The Jarrot Mansion’s Story
The Jarrot Mansion is an imposing brick house that dates to 1810 and is considered to be the oldest masonry building in Illinois. Entrepreneur Nicholas Jarrot and his wife Julie built the large, Federal styled house that attests to the economic well-being of the Jarrot family during the early years of the nineteenth century. There is little doubt that the Jarrots were among early Cahokia’s most affluent residents; their less prosperous contemporaries occupied much smaller frame and log houses in dramatic contrast to Jarrot’s spacious brick mansion.
The permanent settlement of Cahokia began with the arrival in 1699 or three missionary priests from Quebec accompanied by an entourage of French-Canadian laymen with the intent to build an outpost among the local Illiniwek tribes. By 1787, the isolated settlement had matured into an ambitious village, enlivened partly by creation of the Northwest Territory. Shortly thereafter, in 1790, Cahokia was chosen as the seat of the territorial government. It was this turbulent yet opportunistic territorial climate that beckoned Nicholas Jarrot, a recent refugee from revolution-torn France. The enterprising Jarrot quickly amassed wealth through trade, land and law.
He married twice, both times to prominent local women of French-Canadian descent. Marie Barbeau of nearby Prairie du Rocher died at or shortly after the birth of their first child. Jarrot’s second wife, Julie Ste. Gemme de Beauvais, was a resident of Ste. Genevieve, Missouri, at the time of their marriage. Julie is often referred to as Madame Jarrot and bore six of the seven Jarrot children. At the time of her death in 1875, at age 95, Madame Jarrot was survived by 52 great-grandchildren. Many Jarrot descendants still reside in the area and remain interested in renovation plans for the house.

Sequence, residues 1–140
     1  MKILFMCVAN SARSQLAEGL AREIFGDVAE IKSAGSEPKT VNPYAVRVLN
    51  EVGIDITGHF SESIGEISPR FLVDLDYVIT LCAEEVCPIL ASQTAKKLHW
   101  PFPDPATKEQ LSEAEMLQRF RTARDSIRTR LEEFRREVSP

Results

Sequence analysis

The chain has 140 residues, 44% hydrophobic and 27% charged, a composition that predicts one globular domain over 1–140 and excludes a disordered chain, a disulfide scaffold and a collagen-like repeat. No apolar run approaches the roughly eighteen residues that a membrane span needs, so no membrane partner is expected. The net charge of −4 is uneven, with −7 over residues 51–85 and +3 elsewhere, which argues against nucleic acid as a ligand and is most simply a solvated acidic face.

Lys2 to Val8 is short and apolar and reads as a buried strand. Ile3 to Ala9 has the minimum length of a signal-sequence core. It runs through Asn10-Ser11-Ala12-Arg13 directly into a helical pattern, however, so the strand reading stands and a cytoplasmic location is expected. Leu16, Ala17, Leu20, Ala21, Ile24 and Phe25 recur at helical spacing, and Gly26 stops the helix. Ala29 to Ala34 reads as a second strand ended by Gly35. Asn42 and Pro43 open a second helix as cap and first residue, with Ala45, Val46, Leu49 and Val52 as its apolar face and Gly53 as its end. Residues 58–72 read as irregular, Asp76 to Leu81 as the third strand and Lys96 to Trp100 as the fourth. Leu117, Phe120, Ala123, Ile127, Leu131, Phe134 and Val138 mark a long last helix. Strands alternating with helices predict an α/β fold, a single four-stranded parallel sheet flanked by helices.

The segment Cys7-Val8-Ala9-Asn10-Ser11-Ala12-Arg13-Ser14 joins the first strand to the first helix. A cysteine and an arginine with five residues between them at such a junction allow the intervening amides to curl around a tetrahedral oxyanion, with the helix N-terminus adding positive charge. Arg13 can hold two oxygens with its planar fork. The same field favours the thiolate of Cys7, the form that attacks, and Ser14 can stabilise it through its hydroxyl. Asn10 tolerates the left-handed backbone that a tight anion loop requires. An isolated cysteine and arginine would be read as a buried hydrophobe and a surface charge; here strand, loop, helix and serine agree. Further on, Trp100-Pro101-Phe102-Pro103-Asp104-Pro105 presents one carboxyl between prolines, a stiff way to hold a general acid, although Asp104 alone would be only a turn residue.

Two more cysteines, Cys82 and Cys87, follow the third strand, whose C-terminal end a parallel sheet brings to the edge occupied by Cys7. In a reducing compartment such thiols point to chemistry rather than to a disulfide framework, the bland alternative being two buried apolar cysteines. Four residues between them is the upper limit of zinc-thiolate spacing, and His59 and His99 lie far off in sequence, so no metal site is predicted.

The construction of Jarrot’s brick mansion occurred between 1807 and 1810. The house resembles Federal styled structures that Jarrot likely had admired during a brief residence in Baltimore, his port of entry to America. Moreover, it is believed that Jarrot sought to emulate those stylish eastern homes.
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Lawsuits that stemmed from disputes between Jarrot and his workmen provide a wealth of information about construction and methods used to build the house. In 1808, carpenter Russell E. Hicock entered into a contract with Jarrot to “perform in a Workman like manner…joinery work of the Brick house of said Jarrot in Cahokia.” Hicock, for example, agreed to undertake “the compleat finishing” of “Ten doors…already made.” In addition, he agreed to lay flooring, build staircases, construct “chimney pieces,” and put up various kinds of trim. The contract clearly stipulates Hicock’s rates, a payment schedule, and Jarrot’s responsibilities “to give said Hicock sufficient Boarding and Lodging, washing firewood and candles for his own use as long as the said Hicock works on said house.” A dispute over living arrangements soon developed and Hicock boycotted the construction project, prompting Jarrot to hire a replacement. This series of events triggered accusations and counter-accusations that eventually culminated in ten legal actions involving charges of assault, theft, defamation of character, false imprisonment, damages and back wages, and breaking the original joinery contract. The information contained in these and other civil case files provides us with a documentary “blueprint” of the building’s construction. In addition, these records help to reveal the nature of business and social relationships of an earlier time.
Although Nicholas Jarrot died shortly after completion of his elegant dwelling, his widow Julie remained in the house until she moved to St. Louis in the late1840s. From roughly 1855 until 1886, the house was occupied by Ortance Jarrot McCracken Brackett, a Jarrot daughter. By 1905, the descendants of Jarrot who came into possession of the property no longer had a use for it. They leased the ancestral home to Holy Family Parish for use as a parochial school building. Oliver Parks, pioneer aviator and founder of adjacent Parks air College, purchased the house in 1943 with plans to convert the building to his private residence. After making limited improvements to the property, Parks donated the house to the neighboring Holy Family parish, which used it as a convent until the late 1960s. Purchased by the Village of Cahokia in 1975, the property was finally donated to the State of Illinois in 1980. Today, the Jarrot Mansion State Historic Site is managed by the Illinois Department of Natural Resources.